But when they left the private meeting, everyone was smiling and laughing — not a good sign. The boss instead called a full store meeting for us all to discuss some things. We all gathered together, including [New Hire], and the owner explained the issues we had had with his adjustment. They worked on a plan to give [New Hire] a second shot with the company. He was not being fired!

At first, I was honestly a little upset at this news, but I didn’t want to leave things on a sour note with [New Hire], either, so I was willing to give it a second try. In the middle of this meeting — the meeting where we were giving him a second chance! — [New Hire] interrupted the owner and said, “Hey, I’m very thankful for you guys giving me a second chance, but I have just decided I am going to put in my two-week notice.”

What?! The owner asked [New Hire] if he was serious this time. He told her he was. Everything in the meeting we had discussed before this was then pointless. But I and the other girls figured, well, if it’s only two more weeks, let’s just deal with it the best we can. We then tried to be warmer and much friendlier with him to let him know that all was forgiven. But [New Hire] mostly kept to himself the rest of the day.

It turned out, in the private meeting with the manager and owner, had [New Hire] begged to not be let go. The owner, who has a huge heart, had agreed to give him the second shot. We didn’t find this out until much later. This all happened on a Friday. On Saturdays, our store had much shorter hours with only two people running it. [New Hire] was scheduled to work it with [Coworker #2], the other salesperson. Despite everything that happened Friday, [New Hire] was still good with working that Saturday, but [Coworker #2] later told us the story of what happened.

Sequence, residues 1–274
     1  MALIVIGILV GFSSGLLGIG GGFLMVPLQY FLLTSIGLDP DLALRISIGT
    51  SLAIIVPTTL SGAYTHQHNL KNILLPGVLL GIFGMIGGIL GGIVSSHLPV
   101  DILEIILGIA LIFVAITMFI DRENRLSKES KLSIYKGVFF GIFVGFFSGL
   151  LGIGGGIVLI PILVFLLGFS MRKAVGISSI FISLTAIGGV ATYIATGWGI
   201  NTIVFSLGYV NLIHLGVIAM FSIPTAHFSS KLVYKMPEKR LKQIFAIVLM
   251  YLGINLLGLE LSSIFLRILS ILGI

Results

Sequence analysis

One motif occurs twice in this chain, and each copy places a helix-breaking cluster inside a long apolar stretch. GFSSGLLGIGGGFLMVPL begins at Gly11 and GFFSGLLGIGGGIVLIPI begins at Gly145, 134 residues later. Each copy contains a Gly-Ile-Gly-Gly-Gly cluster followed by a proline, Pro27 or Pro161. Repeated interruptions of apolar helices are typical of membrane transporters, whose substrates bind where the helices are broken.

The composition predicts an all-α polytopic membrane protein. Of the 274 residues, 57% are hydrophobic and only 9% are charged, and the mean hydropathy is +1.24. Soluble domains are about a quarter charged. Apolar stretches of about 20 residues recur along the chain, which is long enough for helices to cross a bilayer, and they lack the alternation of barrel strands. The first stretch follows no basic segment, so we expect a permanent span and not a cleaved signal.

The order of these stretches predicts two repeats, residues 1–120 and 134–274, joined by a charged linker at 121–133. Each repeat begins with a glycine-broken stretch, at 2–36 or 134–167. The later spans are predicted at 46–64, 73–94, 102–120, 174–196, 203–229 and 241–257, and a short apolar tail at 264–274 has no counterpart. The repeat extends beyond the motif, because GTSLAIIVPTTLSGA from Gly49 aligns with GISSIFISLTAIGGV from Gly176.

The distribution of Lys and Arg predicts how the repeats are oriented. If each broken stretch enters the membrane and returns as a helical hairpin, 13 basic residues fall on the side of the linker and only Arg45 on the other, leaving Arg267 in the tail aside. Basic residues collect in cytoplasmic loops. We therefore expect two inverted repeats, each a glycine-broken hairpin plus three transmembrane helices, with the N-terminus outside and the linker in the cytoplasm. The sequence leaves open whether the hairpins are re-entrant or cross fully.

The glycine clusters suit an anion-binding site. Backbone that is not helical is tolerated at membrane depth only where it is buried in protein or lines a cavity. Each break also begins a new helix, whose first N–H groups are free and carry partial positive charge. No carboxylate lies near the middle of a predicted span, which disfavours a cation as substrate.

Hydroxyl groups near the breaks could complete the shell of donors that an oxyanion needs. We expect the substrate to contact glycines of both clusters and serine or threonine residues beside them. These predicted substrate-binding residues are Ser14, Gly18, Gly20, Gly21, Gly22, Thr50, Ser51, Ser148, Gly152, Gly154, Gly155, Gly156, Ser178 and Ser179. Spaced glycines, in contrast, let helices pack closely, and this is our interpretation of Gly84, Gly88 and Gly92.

When [Coworker #2] walked in that morning, despite the attempts to greet him and make small talk with him, [New Hire] only stonewalled [Coworker #2], giving her a very cold vibe. It was a slow day, so there were not many customers besides a handful to keep things busy. [New Hire] then began to mutter to himself, “Nothing like being stabbed in the f****** back.” [Coworker #2] instantly felt super uncomfortable and unsafe; she was the only person alone in the building with him and he was obviously very angry. She began texting the owner and manager, letting them know what he was saying and how she did not feel safe. He kept swearing at everyone under his breath, and [Coworker #2] made herself busy in the backroom to avoid being near him.

Thankfully, the owner was able to get to the store to see the situation for herself. She asked him, point-blank, “[New Hire], did you say you felt like were stabbed in the back by a bunch of f****** knives?”

[New Hire] responded, “No, I did not say, ‘f******’.”

The owner then told him to pack up his things and leave. All the while, he kept switching from swearing at [Coworker #2] and me (even though I was not there) and begging her to let him stay.  

When I returned Monday, officially there was no more [New Hire]. I am still thankful for those ladies and the owner and manager who listened to our concerns when we felt unsafe.